And about the time of forty years suffered he their manners in the wilderness.
The goodness of God to man and the ingratitude of man to God form a very striking and affecting contrast. No one can seriously review his own history or that of the Church of God for any given period without being impressed with these two thoughts. How man tries God! how God bears with maul Consider —
I. THE PERIOD OF TIME. How long? "About the time of forty years." This was the period during which Israel was wandering in the wilderness. This time was appointed by God Himself. Modern travellers go the whole distance in some two or three weeks.
1. Thus we see how more or less of time may be spent in the same journey. The journey of life occupies sometimes a shorter, sometimes a longer period of time. The little infant sometimes accomplishes, in a few hours, all the space which lies for man between the cradle and the grave, while others are forty years, or sometimes forty years twice told, in completing the same journey. There is a strange diversity as to the length of life. Certainty and uncertainty are here wonderfully intermingled. The certainty, as to any number of persons of the same age, that they will on an average live so long — the utter uncertainty, as to individuals, how long this or that person may live — are very instructive. Our conclusion ought to be, "My times are in Thy hand." It is for God to determine the limits of our wanderings; it is for us to use the space allotted us with fidelity.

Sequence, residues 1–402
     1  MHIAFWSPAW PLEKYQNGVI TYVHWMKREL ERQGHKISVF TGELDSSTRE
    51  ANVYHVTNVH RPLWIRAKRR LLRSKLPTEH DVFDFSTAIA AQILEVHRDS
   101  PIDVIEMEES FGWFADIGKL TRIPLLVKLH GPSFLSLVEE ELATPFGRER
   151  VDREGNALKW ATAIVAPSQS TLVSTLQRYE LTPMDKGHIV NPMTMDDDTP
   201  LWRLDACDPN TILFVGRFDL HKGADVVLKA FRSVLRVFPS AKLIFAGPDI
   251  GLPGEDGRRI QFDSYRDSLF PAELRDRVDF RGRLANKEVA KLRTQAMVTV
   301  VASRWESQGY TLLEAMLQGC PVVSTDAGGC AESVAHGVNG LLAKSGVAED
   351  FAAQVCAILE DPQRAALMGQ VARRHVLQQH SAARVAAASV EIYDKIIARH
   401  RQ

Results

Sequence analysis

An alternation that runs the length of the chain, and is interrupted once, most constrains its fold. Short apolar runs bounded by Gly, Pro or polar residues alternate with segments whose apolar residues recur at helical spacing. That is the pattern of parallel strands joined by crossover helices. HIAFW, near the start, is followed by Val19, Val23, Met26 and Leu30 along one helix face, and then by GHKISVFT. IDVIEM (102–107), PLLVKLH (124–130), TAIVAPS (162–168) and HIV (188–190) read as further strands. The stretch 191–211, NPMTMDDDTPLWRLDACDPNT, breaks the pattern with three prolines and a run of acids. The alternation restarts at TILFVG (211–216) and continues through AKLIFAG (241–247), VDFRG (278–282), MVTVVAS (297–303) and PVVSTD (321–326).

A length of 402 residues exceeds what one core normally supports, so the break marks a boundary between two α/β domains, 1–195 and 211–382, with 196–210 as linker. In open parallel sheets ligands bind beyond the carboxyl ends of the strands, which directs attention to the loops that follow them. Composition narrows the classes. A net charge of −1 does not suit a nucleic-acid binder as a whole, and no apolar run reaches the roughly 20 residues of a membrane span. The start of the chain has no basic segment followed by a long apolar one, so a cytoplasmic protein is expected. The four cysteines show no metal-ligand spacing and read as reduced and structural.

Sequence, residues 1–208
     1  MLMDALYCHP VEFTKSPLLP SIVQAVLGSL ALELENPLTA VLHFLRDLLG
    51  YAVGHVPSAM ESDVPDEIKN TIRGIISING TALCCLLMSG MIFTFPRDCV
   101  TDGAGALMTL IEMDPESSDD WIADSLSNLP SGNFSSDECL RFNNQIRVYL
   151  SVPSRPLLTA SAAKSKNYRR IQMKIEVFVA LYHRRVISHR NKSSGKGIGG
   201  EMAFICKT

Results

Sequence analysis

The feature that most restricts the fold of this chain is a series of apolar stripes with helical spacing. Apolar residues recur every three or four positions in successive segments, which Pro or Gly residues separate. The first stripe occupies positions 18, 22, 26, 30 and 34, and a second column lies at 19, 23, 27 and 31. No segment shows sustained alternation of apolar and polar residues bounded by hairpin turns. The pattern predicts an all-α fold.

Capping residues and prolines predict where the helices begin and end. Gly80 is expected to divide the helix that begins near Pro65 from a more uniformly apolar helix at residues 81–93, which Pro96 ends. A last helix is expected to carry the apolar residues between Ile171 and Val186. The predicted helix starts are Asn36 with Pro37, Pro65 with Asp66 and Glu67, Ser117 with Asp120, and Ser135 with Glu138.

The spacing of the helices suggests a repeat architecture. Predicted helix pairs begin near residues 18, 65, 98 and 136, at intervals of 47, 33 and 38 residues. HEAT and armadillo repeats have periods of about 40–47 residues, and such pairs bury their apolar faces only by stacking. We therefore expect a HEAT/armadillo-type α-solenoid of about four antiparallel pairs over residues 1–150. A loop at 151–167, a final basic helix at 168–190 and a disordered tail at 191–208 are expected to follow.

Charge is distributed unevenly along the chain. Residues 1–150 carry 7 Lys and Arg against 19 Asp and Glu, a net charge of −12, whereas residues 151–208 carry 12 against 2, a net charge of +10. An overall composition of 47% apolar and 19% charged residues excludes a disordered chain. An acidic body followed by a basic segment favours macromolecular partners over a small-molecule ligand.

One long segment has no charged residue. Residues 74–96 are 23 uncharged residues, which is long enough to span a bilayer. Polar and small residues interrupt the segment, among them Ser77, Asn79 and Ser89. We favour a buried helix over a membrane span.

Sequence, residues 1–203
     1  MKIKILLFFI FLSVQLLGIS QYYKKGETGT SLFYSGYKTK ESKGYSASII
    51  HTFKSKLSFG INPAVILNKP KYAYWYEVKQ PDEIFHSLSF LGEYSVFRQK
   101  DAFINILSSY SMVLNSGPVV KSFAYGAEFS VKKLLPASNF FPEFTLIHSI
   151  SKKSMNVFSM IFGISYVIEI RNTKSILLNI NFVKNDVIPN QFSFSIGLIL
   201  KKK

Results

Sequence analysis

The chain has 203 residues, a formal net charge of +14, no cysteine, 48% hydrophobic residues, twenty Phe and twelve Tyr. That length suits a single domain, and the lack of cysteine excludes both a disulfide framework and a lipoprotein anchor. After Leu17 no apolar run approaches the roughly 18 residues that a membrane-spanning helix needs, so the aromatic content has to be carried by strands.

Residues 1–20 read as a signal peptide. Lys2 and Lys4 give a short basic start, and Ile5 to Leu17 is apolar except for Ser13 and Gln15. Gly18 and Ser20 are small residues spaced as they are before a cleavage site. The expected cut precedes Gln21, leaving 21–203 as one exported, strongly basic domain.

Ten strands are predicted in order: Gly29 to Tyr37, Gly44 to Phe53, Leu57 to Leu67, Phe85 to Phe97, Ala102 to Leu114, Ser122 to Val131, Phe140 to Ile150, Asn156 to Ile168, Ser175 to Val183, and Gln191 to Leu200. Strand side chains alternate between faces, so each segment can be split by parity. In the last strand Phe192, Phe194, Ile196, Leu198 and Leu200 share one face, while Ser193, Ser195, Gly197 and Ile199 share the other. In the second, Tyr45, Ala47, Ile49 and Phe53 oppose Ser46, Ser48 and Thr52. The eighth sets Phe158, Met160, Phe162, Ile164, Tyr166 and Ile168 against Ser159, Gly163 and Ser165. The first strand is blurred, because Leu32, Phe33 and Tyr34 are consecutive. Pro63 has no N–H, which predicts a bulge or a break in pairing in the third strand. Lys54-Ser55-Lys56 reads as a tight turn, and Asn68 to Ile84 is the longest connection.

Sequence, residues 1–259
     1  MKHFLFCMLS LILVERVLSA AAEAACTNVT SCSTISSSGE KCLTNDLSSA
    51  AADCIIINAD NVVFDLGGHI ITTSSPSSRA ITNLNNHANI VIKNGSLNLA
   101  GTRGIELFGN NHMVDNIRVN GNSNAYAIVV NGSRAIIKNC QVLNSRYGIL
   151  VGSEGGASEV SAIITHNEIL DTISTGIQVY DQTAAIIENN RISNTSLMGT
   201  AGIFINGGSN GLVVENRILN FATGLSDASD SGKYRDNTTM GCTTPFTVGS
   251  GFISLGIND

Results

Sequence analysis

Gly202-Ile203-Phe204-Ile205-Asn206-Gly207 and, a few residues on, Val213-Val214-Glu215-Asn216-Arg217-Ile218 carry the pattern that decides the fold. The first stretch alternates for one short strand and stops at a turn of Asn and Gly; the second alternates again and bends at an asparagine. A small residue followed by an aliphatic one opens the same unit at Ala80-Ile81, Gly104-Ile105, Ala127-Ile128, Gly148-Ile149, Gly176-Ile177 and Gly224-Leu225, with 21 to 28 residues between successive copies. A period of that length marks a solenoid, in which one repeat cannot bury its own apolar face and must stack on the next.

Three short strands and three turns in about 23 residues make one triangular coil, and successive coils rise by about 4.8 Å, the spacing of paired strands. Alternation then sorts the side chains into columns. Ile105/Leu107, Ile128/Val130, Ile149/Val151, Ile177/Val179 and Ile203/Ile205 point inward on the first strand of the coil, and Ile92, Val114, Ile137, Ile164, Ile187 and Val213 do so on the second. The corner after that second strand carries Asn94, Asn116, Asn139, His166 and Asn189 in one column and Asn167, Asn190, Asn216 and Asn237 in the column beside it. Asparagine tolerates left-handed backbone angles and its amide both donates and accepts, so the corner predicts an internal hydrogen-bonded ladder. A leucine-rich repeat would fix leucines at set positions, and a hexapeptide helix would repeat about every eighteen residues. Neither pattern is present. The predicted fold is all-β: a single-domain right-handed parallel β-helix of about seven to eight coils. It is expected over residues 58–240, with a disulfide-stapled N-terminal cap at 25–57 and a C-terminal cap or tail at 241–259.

2. For the time allotted is also throughout a season of responsibility. We surely see this in our text. Throughout that period the Jews were observed by God, as persons responsible to Him for their use or abuse of their privileges. And it is so with us. Our birth in a Christian country, in one age of the world rather than another, with certain advantages and opportunities more or less favourable — all form part of the circumstances of our responsibility. And this responsibility goes with us throughout our life, although some may carelessly forget, and others presumptuously deny it. There is "a book of remembrance" with our God, in which is recorded a faithful history of our lives. We cannot blot out a letter in that book. There is One, who can. "I have blotted out as a cloud thy transgression," etc.
3. The time is also a time of mercies.
(1) Those forty years with Israel were years of mercies. There were mercies in their deliverance from Egypt, in the provisions of the wilderness, in their education by the moral law showing the holiness of God, and by the ceremonial law showing forth His mercies in Christ Jesus — in their guidance by that pillar of a cloud by day and that pillar of fire by night — in their preservation amid hostile nations, etc., etc.
(2) But are not our years years of mercies?
(a) If Christians indeed, have there not been mercies of conviction, conversion, justification, regeneration? Mercies in our education by the law leading to Christ, and by Christ writing the law by His Spirit upon our hearts — mercies also in our guidance by the Word and Spirit, and Providence, mercies too in our recoveries from sickness, etc., etc.